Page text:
It’s not only the power stored in batteries that is important, but a battery’s staying power, size, weight and ability to charge up quickly – not to mention the cost. Another important factor is safety. The
elements used in batteries can be dangerous to handle, but people who use them don’t usually come into contact with these elements. However, if a battery degrades and is touched it can cause an acid burn. Also some elements
in some batteries are flammable.
There are many different kinds of batteries and it’s important to get the right one for the job. Experts are working constantly on new technology to improve batteries – we've all seen the giant leaps forward in innovation
over the last decade. This is an ongoing scenario with constant improvements - both big and little - all of which are important in the general scheme of things.
Technology is not the only consideration when it comes to improvements in batteries. It also has to be mixed with other factors such as affordability, lightness and the amount of deliverable power in each battery. Cosmos Magazine detailed
a number of the latest trends in batteries which we've summarised below.
Regarded as the champ of batteries, the lithium ion can be used for just about everything; from cars to small appliances and your household solar power supply. In fact, they have the potential to allow home-owners with solar power
to make considerable savings. While the technology used in these batteries is mature and reliable, there are some safety concerns.
Airline passengers are warned of the risk of fire, especially if appliances containing lithium ion batteries are stored in the luggage section, where a fire can break out unnoticed until it’s too late. It is better to keep such
devices in the cabin where the risk can be minimised.
However, aeroplanes also use lithium ion batteries as back-up for ground maintenance and to provide electricity during flight, as well as for back-up power of other important in-flight functions. In 2013 they overheated due to a chemical
reaction called thermal runaway, and caused fires
in a Boeing 787.
It wasn't just the fault of the batteries; certain other issues played a part in the problem. For instance, during the investigation, Boeing and the Federation Aviation Authority (FAA) found 17 non-compliance issues, some to do with
the battery manufacture, but others to do with outsourcing the manufacture of certain airplane parts. With the latter, certain changes to the design and assembly of components were made without being okayed by Boeing first.
While these issues did play a part in the fire, it’s hoped that a replacement will be found for the flammable component in these batteries and with a little tweaking the new ones will be even better.
According to Cameron Shearer, materials engineer at Flinders University in Adelaide, the lithium sulphur battery will be the next commercial battery that may even replace the lithium ion battery. Why? It‘s more energy dense,
with the potential to hold five times more energy than the lithium ion battery. It will potentially be suitable for small appliances, cars and household power supplies.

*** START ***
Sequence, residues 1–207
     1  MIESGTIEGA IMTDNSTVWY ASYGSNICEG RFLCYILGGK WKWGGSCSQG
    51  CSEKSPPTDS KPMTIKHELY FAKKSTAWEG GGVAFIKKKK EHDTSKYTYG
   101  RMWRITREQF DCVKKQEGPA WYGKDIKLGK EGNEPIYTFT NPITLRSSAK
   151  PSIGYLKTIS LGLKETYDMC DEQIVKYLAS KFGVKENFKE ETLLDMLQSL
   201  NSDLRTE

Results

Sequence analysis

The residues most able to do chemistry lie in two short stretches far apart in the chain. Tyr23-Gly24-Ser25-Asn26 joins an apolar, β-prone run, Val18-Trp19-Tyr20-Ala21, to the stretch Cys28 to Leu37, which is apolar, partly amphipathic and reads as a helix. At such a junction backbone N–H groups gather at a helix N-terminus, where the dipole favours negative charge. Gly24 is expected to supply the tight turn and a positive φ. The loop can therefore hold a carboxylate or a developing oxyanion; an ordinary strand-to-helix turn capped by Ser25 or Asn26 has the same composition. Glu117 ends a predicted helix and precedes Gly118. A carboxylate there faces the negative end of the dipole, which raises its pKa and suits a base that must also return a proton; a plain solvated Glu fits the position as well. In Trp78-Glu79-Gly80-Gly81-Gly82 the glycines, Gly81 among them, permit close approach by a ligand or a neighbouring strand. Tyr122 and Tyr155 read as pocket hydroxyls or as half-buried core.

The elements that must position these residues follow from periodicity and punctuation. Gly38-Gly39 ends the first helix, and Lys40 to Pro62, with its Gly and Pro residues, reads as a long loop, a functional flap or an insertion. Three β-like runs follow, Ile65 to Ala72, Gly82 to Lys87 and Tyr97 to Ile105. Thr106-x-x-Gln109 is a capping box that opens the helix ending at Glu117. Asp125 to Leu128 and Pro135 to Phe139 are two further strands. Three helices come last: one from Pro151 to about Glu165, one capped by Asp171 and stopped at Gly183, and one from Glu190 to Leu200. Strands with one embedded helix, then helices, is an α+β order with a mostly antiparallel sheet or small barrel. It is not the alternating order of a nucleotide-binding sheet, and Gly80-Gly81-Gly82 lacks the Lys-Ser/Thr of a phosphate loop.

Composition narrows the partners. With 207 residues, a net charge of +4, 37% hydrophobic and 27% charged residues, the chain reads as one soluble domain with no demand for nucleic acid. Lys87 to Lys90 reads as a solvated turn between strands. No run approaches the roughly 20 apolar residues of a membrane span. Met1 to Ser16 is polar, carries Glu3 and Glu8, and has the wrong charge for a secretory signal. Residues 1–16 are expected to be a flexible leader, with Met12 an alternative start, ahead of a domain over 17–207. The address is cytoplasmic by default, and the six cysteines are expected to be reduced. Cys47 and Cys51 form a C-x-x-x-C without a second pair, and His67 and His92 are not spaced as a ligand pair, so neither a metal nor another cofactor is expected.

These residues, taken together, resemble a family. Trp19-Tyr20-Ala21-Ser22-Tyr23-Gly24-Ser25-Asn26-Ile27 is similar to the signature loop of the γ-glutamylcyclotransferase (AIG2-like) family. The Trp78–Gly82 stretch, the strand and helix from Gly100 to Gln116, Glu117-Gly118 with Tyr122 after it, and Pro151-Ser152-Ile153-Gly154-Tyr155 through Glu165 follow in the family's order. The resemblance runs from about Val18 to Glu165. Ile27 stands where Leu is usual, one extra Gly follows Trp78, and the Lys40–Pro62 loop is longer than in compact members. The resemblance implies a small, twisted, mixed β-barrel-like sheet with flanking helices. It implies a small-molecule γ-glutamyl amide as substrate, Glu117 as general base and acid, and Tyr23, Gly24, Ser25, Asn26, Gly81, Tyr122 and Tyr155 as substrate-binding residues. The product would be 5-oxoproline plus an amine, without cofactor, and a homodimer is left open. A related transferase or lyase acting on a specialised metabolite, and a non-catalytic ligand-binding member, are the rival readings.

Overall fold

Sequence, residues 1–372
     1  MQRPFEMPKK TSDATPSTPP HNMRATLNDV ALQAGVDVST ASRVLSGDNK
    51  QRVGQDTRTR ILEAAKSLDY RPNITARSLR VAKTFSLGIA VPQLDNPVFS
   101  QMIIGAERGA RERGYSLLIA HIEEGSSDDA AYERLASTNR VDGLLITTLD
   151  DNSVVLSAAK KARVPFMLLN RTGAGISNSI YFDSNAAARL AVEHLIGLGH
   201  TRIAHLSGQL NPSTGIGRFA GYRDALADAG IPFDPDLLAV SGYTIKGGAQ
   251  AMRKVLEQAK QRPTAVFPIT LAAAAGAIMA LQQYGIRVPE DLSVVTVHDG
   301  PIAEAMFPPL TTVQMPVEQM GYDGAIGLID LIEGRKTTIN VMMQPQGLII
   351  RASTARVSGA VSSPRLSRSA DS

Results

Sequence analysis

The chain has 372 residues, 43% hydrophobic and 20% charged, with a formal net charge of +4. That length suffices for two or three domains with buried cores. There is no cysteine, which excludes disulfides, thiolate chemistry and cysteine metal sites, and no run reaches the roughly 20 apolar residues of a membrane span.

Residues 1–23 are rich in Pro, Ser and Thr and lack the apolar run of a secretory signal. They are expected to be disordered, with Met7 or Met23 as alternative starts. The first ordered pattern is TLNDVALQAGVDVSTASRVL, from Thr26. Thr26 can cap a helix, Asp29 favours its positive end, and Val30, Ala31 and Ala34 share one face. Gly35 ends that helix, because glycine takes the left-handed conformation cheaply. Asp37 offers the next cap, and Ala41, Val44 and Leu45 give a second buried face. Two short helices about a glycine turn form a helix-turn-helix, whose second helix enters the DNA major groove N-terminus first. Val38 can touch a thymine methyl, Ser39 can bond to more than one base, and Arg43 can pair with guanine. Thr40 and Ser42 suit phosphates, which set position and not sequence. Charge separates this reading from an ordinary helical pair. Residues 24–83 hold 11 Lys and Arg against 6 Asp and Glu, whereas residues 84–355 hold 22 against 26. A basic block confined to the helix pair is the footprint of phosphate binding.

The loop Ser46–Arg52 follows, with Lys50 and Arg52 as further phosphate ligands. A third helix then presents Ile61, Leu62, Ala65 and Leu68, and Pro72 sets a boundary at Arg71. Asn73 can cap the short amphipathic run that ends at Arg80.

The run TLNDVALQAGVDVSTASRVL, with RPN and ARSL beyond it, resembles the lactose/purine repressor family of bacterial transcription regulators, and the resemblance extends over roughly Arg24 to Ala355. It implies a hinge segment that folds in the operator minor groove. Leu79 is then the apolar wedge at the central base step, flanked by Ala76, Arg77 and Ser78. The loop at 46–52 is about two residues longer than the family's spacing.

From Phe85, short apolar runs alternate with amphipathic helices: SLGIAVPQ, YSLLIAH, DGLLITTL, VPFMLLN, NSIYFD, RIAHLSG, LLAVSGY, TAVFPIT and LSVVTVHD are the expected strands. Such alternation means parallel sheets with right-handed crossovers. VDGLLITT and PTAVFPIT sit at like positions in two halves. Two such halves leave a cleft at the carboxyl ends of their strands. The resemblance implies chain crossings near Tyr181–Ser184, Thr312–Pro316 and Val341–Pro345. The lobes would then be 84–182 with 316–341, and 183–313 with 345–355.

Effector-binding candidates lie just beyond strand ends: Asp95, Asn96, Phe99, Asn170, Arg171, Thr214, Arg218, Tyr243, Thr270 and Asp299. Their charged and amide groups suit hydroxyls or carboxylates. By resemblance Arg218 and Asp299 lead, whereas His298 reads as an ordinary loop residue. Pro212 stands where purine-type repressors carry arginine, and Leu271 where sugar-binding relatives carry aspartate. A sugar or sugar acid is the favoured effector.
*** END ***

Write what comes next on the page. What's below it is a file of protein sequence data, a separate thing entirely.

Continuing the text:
The lithium sulphur battery uses lithium instead of granite to catch the lithium ions at the anode, while at the cathode, sulphur is used instead of a mix of metals. This makes it a much lighter battery – the only downside is
that it doesn't have a long life due to the sulphur degrading and clogging up the works.
Once a viable solution for this has been found this battery could shoot to the top of the list. In fact, chemists at the Toyota Research Institute of North America in Michigan are working on a polymer coating to stabilise the sulphur.
It’s always good when something that is freely available can be used in a project. The lithium air battery is so called because it uses oxygen straight from the air, rather than sulphur to soak up the spent ions.
This oxygen is exhaled as the battery is re-charged, making it the lightest battery yet. It can be used in devices and electric cars and has the potential to contain ten times more energy than the lithium ion battery.
The main disadvantage is that it has a very short life span – so far. In fact, this battery has yet to move off the lab bench as it needs several elements to be improved before it’s suitable for commercial use. When that finally happens it may be the best battery of all.
If you don’t mind weight and size, a cheaper battery that uses sodium rather than lithium is available for solar energy storage. The sodium ion battery also has the potential for use in cars and devices, but so far can only be used for applications where size is not a problem.
The main disadvantage is that of poor performance, at least when compared with the lithium ion battery.
Last but not least is the flow battery which is ideal to store renewable energy. While it’s cheap and reliable, it can only be used for stationary applications due to using two tanks of electro-active liquids to shuttle the electrons between.
Since the smallest of these batteries is the size of a bar fridge, you can understand that they are hardly suitable for appliances or even cars. But they are useful for places where size is not important. They’re great for use
in remote locations such as mining sites. They could also be used for energy storage in the home by situating them behind a wall or somewhere that they can remain invisible.
As technology improves and delivers different and improved methods of making things, it’s highly likely that batteries will benefit. Even now techniques for high resolution microscopy are enabling scientists to custom design
better and smaller battery components. So cool! Stay tuned on this one.